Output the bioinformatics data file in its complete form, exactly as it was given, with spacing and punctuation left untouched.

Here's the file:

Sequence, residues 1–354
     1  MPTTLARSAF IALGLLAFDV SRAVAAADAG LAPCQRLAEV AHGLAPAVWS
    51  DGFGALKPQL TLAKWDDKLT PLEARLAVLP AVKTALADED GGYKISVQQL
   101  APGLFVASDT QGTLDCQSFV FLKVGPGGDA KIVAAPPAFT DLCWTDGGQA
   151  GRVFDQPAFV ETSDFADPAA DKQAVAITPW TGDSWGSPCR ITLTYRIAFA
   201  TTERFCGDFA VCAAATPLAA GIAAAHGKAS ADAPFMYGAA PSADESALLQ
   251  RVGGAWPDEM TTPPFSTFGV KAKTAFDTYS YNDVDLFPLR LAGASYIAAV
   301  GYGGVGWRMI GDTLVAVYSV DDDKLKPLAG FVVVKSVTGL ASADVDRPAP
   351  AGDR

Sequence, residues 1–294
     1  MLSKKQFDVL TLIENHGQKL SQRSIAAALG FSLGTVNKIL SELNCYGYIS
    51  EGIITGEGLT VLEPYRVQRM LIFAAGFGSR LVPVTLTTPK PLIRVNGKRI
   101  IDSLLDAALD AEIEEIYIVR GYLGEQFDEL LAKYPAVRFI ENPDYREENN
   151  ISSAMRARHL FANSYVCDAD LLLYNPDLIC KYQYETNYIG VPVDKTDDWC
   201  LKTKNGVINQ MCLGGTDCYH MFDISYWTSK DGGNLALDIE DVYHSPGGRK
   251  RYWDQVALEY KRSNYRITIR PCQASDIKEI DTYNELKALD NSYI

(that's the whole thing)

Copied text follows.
Sequence, residues 1–354
     1  MPTTLARSAF IALGLLAFDV SRAVAAADAG LAPCQRLAEV AHGLAPAVWS
    51  DGFGALKPQL TLAKWDDKLT PLEARLAVLP AVKTALADED GGYKISVQQL
   101  APGLFVASDT QGTLDCQSFV FLKVGPGGDA KIVAAPPAFT DLCWTDGGQA
   151  GRVFDQPAFV ETSDFADPAA DKQAVAITPW TGDSWGSPCR ITLTYRIAFA
   201  TTERFCGDFA VCAAATPLAA GIAAAHGKAS ADAPFMYGAA PSADESALLQ
   251  RVGGAWPDEM TTPPFSTFGV KAKTAFDTYS YNDVDLFPLR LAGASYIAAV
   301  GYGGVGWRMI GDTLVAVYSV DDDKLKPLAG FVVVKSVTGL ASADVDRPAP
   351  AGDR

Sequence, residues 1–294
     1  MLSKKQFDVL TLIENHGQKL SQRSIAAALG FSLGTVNKIL SELNCYGYIS
    51  EGIITGEGLT VLEPYRVQRM LIFAAGFGSR LVPVTLTTPK PLIRVNGKRI
   101  IDSLLDAALD AEIEEIYIVR GYLGEQFDEL LAKYPAVRFI ENPDYREENN
   151  ISSAMRARHL FANSYVCDAD LLLYNPDLIC KYQYETNYIG VPVDKTDDWC
   201  LKTKNGVINQ MCLGGTDCYH MFDISYWTSK DGGNLALDIE DVYHSPGGRK
   251  RYWDQVALEY KRSNYRITIR PCQASDIKEI DTYNELKALD NSYI